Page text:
Go with the intention of absorbing information and using it to your advantage — including the goals and work styles of your superiors. Respect the agenda, listen more than you speak, and never beleaguer a point.

Accelerate Your Career Growth Opportunities

A recent study found that the five predictors of employees with executive potential were: the right motivation, curiosity, insight, engagement, and determination. These qualities help you stand out, but it’s also important to establish a track record of success and to not appear to be over-reaching in your drive to move up in your company.

Try to see yourself from your boss’s position and evaluate your promote-ability.

Do you display a passion and commitment toward meeting the collective goals of the company? Do you have a motivating influence with team members and show insight and excellence in all your work?

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These qualities will place you front and center when growth opportunities arise.

Use these strategic tips to escalate your opportunities for growth:

7. Find a Mentor

With mentorship programs fast disappearing, this isn’t always easy. But you need to look for someone in the company who has been promoted several times and who also cares about your progress.

Maybe it’s the person who recommended you for the job. Or maybe it’s your direct supervisor. It could even be someone across the hall or in a completely different department.

Talk to her or him about growth opportunities within your company. Maybe she or he can recommend you for a promotion.

Not sure how to find the right mentor? Here’s How to Find a Mentor That Will Help You Succeed.

8. Map out Your Own Growth Opportunity Chart

After you’ve worked at the company for a few months, work out a realistic growth chart for your own development. This should be a reasonable, practical chart — not a pie-in-the-sky wish list of demands.

What’s reasonable? Do you think being promoted within two years is reasonable? What about raises? Try to inform your own growth chart with what you’ve heard about other workers’ raises and promotions.

Once you’ve rigorously charted a realistic path for your personal development within the company, try to talk to your mentor about it.

Keep refining your chart until it seems to work with your skills and proven talents. Then, arrange a time to discuss it with your boss.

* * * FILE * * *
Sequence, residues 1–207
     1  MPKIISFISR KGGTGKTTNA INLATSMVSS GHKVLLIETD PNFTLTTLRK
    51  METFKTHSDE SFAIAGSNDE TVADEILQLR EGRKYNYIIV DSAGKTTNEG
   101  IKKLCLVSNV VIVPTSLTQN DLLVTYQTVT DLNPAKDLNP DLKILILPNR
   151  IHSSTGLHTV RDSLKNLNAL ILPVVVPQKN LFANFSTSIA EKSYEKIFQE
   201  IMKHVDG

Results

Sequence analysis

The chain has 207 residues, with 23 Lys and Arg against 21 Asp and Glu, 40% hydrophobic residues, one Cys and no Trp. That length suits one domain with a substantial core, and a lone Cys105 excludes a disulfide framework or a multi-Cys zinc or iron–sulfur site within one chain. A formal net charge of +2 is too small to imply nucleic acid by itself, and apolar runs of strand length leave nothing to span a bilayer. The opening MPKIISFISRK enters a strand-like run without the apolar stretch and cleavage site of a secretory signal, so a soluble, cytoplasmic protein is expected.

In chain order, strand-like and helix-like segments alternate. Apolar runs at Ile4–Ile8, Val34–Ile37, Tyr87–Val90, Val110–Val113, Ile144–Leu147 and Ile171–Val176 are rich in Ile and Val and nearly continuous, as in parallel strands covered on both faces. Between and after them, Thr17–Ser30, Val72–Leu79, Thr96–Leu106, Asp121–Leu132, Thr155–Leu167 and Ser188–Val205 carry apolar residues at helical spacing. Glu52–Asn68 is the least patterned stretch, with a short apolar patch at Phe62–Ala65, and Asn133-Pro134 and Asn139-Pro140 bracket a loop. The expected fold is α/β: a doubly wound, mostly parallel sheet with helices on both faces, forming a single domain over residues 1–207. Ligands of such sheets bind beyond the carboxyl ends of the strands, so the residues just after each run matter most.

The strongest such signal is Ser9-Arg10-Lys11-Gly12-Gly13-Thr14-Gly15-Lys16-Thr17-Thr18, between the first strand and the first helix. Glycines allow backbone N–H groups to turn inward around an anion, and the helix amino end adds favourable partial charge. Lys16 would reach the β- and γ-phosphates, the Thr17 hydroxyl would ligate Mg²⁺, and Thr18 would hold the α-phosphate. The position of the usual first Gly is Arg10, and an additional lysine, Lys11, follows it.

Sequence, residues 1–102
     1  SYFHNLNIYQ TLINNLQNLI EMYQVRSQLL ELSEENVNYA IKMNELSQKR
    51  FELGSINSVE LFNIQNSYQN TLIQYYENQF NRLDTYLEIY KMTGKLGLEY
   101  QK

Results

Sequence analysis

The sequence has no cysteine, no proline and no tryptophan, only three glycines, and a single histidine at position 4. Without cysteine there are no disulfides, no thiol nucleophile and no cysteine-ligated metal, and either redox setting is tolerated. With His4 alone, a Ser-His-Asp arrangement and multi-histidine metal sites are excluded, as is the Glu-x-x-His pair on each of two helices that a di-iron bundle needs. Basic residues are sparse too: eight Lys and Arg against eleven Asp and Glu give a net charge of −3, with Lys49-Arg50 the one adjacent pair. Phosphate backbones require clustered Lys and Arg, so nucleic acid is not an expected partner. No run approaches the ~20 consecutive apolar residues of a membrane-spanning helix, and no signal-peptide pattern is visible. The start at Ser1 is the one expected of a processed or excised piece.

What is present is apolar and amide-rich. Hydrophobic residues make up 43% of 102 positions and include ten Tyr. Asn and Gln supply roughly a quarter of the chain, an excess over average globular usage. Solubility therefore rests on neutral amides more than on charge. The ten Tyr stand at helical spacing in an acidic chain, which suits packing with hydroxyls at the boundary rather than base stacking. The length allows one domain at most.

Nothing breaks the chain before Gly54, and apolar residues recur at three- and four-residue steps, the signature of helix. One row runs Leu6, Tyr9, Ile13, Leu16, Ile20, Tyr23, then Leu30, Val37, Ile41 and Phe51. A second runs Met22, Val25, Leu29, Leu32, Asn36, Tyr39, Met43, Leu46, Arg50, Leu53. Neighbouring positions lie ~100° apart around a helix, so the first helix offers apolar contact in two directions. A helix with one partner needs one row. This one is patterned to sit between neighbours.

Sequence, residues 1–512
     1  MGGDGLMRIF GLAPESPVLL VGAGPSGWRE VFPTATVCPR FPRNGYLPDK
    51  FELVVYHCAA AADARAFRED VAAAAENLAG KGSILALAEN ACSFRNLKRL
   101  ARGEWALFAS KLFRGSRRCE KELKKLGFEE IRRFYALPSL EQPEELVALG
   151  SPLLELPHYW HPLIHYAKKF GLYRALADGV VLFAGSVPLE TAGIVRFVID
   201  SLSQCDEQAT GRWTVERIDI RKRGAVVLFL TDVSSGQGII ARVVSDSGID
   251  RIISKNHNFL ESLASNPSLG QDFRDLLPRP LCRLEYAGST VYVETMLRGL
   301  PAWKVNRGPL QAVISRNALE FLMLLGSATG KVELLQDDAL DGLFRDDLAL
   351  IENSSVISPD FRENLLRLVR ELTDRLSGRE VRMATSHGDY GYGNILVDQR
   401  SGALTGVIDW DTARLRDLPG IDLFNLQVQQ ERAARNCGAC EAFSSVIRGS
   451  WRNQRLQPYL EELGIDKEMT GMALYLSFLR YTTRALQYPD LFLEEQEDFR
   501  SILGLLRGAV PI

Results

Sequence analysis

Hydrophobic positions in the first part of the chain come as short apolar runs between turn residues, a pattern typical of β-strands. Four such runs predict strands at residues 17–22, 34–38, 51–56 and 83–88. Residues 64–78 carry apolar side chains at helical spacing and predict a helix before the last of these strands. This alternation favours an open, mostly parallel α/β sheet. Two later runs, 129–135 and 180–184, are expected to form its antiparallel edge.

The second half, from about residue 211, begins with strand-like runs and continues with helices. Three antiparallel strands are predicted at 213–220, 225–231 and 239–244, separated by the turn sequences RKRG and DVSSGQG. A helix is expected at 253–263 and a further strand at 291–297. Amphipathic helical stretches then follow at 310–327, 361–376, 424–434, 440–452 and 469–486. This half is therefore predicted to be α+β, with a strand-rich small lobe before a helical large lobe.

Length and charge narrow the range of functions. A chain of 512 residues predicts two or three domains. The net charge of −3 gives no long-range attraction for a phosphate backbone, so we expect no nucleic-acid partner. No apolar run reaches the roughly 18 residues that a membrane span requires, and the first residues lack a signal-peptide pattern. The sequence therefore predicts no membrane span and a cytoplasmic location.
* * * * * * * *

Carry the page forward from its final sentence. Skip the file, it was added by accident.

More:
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You may want to time the discussion around the time of your performance review. Then your boss can weigh in with what he feels is reasonable, too.

9. Set Your Professional Bar High

Research shows that more than two-thirds of workers are just putting in their time. But through your active engagement in the organization and commitment to giving your best, you can provide the contrast against others giving lackluster performances.

Cultivate the hard skills that keep you on the cutting edge of your profession, while also refining your soft skills. These are the attributes that make you better at embracing diverse perspectives, engendering trust, and harnessing the power of synergy.

Even if you have an unquestionably left-brain career — a financial analyst or biotechnical engineer, for example — you’re always better off when you can form kind, courteous, quality relationships with colleagues.

Let integrity be the cornerstone of all your interactions with clients and co-workers.

The Bottom Line

Growth opportunities are available for those willing to purposely and adeptly manage their own professional growth. As the old adage says,

“Half of life is showing up.”

The other half is sticking around so that when your boss is looking for someone to take on a more significant role, you are among the first who come to mind.

Remember, your career is your business!

More About Continuous Growth

Featured photo credit: Zach Lucero via unsplash.com